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Do I need to put in a steel beam, or can it just be opened up?

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Posted by: from Vancouver
6/3/2014 at 11:24:07 PM

Looking to open up this portion in the basement. Can anyone give me their opinion in regards to the picture I posted - whether one would need to put a steel beam/laminated beam into this section or could it be opened up?

Do I need to put in a steel beam, or can it just be opened up?
REPLIES (7)
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Steve from Cozybuilt Homes in Delta
Date/Time6/4/2014 at 12:28:34 AM

You will need a beam across the opening to support the joists which are presently supported by the wall you plan to remove. The resolution of the drawing is not very good, but that appears to be the situation.

Consult a span chart to determine the size of beam required. I would use a laminated beam in this situation.

Note that the beam does not have to go under the joists to support them. You can use joist hangers and bury the beam in the joist cavity to increase headroom in the basement.

Steve (Tsawwassen, BC)

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Date/Time6/4/2014 at 6:57:06 AM

The wall you are planing to remove is load bearing wall. Steel beam would be better, but LVL Beam will do job.

Question is how to support new beam. You can try to utilize existing wall or build new footing with steel posts. I would need to see existing condition to give you proper answer.

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Date/Time6/4/2014 at 4:59:45 PM

I recommend you play it safe on this one. Better to hire a contractor and spend a bit of money, instead of perhaps paying a lot of money if the structural work is not done right.

Best,

Andrew

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Den in Vancouver
Date/Time6/4/2014 at 8:11:02 PM

I thought that the picture I posted would've come out better. I was looking for a second opinion on whether or not a beam was needed... And I thought it would, but was actually hoping someone would say "no beam needed" lol....

I'll post an update later on if I get this done.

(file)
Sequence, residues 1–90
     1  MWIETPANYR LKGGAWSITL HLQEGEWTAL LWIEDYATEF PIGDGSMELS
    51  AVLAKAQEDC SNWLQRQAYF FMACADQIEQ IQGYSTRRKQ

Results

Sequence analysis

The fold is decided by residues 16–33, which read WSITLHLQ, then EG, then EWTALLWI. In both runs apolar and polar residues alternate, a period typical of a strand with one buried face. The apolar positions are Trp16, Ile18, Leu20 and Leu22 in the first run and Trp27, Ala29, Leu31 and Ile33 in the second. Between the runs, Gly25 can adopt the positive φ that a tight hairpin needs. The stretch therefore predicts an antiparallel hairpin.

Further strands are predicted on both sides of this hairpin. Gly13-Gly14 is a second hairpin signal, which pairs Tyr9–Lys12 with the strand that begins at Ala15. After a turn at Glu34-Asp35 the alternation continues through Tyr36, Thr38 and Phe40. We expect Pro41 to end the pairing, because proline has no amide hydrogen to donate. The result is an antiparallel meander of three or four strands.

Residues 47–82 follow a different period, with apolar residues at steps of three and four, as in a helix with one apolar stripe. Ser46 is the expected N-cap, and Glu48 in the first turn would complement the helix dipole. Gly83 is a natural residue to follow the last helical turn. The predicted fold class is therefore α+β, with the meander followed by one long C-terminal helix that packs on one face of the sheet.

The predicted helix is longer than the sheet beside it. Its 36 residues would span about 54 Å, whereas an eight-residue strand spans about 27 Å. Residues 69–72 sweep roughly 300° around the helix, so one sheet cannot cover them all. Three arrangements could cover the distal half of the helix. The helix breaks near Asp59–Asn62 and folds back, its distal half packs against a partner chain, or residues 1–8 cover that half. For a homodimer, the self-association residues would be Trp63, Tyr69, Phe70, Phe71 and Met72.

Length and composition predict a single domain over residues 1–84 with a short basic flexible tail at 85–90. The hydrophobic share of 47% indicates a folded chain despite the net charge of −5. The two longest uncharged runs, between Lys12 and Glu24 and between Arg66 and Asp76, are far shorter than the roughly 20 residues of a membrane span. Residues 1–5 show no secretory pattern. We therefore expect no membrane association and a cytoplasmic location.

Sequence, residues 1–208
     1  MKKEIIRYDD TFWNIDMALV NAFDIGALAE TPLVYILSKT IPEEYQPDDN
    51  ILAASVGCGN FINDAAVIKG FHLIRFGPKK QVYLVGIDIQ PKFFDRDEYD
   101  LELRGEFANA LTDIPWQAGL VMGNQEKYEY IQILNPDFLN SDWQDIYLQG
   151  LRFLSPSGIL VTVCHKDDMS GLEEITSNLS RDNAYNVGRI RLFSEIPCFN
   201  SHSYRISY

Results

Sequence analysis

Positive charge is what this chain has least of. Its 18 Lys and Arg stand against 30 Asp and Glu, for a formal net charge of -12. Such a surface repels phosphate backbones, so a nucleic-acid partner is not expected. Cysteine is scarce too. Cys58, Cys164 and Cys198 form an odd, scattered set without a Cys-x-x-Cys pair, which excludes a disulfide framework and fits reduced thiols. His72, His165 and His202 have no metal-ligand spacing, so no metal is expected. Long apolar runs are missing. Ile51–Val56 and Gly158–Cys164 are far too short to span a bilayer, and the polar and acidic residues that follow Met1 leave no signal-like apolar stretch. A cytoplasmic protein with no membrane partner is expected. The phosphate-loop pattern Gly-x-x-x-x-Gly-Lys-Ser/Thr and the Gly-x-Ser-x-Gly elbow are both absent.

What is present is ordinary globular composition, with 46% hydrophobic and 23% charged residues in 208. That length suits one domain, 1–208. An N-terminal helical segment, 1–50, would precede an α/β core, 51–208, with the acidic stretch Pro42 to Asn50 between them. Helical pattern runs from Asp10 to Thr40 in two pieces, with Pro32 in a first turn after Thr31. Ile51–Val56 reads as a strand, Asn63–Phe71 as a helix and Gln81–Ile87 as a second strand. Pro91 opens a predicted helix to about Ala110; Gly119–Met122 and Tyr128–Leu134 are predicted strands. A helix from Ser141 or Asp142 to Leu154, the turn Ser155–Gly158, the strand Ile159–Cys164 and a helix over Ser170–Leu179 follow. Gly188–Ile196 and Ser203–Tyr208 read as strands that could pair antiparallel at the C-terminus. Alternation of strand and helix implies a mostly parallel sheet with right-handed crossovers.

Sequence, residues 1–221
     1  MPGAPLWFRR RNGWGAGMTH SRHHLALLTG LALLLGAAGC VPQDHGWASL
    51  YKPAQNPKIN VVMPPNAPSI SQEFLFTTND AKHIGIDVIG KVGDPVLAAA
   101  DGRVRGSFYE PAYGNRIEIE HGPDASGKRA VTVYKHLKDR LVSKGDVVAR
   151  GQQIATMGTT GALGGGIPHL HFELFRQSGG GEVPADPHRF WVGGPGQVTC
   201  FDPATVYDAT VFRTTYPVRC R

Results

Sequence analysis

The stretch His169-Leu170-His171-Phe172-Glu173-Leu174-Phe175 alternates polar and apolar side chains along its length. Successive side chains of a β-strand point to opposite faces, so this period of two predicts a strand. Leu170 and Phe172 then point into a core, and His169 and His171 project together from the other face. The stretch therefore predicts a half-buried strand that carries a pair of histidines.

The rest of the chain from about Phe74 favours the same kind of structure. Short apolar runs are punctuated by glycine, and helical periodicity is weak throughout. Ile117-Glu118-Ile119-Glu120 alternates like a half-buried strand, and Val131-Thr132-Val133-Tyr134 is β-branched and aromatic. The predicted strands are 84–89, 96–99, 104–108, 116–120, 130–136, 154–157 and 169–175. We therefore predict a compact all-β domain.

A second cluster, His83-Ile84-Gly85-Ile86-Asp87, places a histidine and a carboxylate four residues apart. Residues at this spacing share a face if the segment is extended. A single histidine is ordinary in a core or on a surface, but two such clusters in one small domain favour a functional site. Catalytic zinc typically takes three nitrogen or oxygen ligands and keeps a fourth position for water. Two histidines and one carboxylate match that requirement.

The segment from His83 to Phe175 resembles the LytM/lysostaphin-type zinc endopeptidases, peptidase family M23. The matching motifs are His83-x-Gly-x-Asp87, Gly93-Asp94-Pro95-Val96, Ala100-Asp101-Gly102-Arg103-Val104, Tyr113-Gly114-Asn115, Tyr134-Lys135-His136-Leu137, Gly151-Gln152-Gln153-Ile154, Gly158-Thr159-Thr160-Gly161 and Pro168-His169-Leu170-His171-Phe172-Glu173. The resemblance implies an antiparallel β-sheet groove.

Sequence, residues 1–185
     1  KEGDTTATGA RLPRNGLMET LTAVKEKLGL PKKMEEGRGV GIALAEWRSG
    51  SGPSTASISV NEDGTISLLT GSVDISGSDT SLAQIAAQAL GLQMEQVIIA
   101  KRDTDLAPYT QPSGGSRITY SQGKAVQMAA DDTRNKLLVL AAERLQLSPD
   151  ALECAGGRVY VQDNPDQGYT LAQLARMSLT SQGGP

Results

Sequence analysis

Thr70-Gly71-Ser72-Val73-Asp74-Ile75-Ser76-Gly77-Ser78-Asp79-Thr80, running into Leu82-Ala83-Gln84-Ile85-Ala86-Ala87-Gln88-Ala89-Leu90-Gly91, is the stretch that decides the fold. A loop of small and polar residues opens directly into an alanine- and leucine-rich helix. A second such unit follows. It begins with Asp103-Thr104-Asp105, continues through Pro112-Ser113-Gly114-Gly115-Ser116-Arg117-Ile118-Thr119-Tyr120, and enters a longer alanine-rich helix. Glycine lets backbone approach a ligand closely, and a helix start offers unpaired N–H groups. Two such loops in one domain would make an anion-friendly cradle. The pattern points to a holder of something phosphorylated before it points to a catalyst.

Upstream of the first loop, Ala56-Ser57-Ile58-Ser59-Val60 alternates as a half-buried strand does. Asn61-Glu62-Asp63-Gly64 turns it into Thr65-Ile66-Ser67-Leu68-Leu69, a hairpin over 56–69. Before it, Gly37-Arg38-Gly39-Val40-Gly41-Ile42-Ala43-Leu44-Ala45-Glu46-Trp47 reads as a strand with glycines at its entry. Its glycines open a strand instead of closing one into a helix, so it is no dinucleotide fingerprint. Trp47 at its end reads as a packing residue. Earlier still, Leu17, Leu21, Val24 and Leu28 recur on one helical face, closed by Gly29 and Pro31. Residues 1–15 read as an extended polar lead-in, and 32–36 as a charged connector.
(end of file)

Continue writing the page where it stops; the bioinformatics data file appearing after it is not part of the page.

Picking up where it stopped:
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Steve from Cozybuilt Homes in Delta
Date/Time6/6/2014 at 12:12:34 AM

The drawing indicates a footing is already in place under the existing wall (dotted line). This can be used to support the posts so you do not need to dig.

Steve

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Date/Time6/6/2014 at 12:38:01 AM

If there is an existing wall there, then there must be a "point load" bearing point in the wall that is providing support.

You can remove sections of the wall, but NOT this point load with no structural issues occurring.

My suggestion to you for this is take it slow and remove the drywall first to open it up and see. If you see a section of the wall with 3+ studs (2x4) laminated together, this is your point load, which you cannot remove.

As a general rule as well, if your span is longer than 8ft, you should think about supporting the span. As someone has already mentioned, you need to look at the span regulations to determine if you need further support than what currently exists.

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Date/Time6/6/2014 at 10:00:23 AM

If there is an existing wall there, then there must be a "point load" bearing point in the wall that is providing support.

You can remove sections of the wall, but NOT this point load with no structural issues occurring.

My suggestion to you for this is take it slow and remove the drywall first to open it up and see. If you see a section of the wall with 3+ studs (2x4) laminated together, this is your point load, which you cannot remove.

As a general rule as well, if your span is longer than 8ft, you should think about supporting the span. As someone has already mentioned, you need to look at the span regulations to determine if you need further support than what currently exists.

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